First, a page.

It’s the month of Halloween and with a week to go I’m sure you’re all up to your elbows, carving out pumpkins for lanterns and then onto the hob with the cauldron for pumpkin soup. It’s the epitomy of the autumn season.
Blake’s had his fair share of pumpkin palavers too and if you haven’t already met Blake yet, then all this week you can pick up the novelette ‘One For The Rook’ absolutely free, on Kindle.
Here’s a little taster from Blake’s second mystery:
… ‘I was halfway down the little path between my plot and Mrs Devine’s before I saw the catastrophe that awaited me. The smell of the soil, fresh with dew from the night before, was interrupted with the sweet smell of pumpkins. It was this smell that alerted me to the problem. You see pumpkins don’t smell of anything until you open them up.
My efforts had been focused on three pumpkins in particular and the biggest of the three now seemed to have an addition. Peter Kürbis, owner of plot number six, directly opposite mine, was lying face down in my prize pumpkin.
Kürbis was a man in his late forties and, when not on his allotment, he could often be found in the local hostelries. I had very little knowledge of Mr Kürbis and no idea of his profession, if indeed he had one, and I had rarely spoken to him despite the proximity of our allotments. What I did know about the man, I had learnt from Delilah who occasionally frequented The Badger’s Holt, a pub on the High Street in the village. His visits to the allotments were mainly at weekends and he gave the impression of a loud and confident man, brash and cocky. He grew easy crops such as potatoes, radishes, lettuce and runner beans.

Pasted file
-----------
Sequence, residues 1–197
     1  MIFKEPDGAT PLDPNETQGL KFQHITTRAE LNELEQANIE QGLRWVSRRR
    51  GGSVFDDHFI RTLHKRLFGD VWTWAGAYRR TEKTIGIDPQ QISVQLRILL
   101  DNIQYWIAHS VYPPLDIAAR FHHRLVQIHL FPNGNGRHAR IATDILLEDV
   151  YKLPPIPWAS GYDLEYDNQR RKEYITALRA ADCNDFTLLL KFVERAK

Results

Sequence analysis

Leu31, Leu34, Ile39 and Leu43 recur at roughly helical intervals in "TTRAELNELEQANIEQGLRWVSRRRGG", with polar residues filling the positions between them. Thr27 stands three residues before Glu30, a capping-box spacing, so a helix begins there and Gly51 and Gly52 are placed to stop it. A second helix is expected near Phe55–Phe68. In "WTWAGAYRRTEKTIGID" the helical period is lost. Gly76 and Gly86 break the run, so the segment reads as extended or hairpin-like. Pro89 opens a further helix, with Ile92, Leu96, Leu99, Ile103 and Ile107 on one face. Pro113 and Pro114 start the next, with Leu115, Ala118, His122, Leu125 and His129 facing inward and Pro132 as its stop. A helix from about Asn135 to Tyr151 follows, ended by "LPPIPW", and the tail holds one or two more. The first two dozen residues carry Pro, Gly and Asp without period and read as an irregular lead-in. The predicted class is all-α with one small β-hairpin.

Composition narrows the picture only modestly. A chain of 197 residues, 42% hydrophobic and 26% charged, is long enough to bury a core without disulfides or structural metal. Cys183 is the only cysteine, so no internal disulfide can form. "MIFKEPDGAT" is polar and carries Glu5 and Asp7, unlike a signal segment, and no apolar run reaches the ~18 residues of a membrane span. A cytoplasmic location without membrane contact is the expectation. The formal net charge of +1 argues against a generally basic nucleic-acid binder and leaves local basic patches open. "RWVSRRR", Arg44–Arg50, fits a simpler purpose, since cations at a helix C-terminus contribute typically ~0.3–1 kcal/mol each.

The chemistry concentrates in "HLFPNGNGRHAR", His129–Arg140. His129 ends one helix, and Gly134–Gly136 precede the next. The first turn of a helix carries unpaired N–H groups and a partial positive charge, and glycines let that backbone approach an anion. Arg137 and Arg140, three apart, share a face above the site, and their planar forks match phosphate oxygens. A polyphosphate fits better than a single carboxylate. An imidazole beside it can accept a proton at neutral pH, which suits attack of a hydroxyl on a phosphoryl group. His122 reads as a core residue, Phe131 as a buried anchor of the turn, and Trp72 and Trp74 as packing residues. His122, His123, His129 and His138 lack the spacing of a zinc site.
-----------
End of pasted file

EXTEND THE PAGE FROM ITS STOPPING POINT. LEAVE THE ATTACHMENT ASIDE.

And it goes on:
Kürbis was wearing jeans and a t-shirt; not unreasonable attire for a night out. His shoes were smart enough but the soles were worn, suggesting he often walked home. A good indication then that he may have been taking a short cut through the allotments, onto Poets Avenue.
Given the facts at my disposal, at first I thought he was drunk. It was after all Saturday morning. Maybe Friday night drinking had got the better of him and he’d fallen and somehow smashed my pumpkin, knocking himself out in the process. Hundredweight pumpkins are not something you should argue with; especially not with your head.
To say I was a little agitated by this occurrence would not quite cover my emotions at that moment in time. Five long months of careful nurturing: potting, repotting, mulching and watering had been obliterated.
I moved forward to wake him from his slumber amongst the aforementioned vegetable and berate him for his carelessness. But, as I approached, I realised that he had not, as I initially thought, hit the pumpkin; the pumpkin had hit him! It had split in half in what must have been a forcible blow. The flesh of the vegetable encompassed Peter’s head in an array of orange mush, spattered with blood spots, which I assumed were the victim’s.
My heart beat a little faster and my hand trembled as I crouched by his prone figure. At that angle I could see a straw coloured fluid, tinged with pink had congealed in his ears, and my stomach tightened. My daughter is a nurse and frequently regales me with gruesome tales during our weekly phone conversations. It is her I have to thank for the fact that I knew that this indicated a serious head injury.
Many thoughts went through my mind. Guilt that I had thought him drunk, annoyance that he had destroyed my prize pumpkin and finally unease as I realised I had no idea what to do next. Reaching a tentative hand around the side of his neck, I felt for his carotid artery, but his cold, marbled skin told me all I needed to know. He was dead; very dead.’
Free promotion runs via Amazon Kindle from midnight (PST) Oct 24th 2016 – midnight (PST) Oct 28th 2016.
Copyright © D S Nelson 2016 – All characters and events in this publication are fictitious and any resemblance to real persons, organisation, place, event or thing living or dead, is purely coincidental and completely unintentional.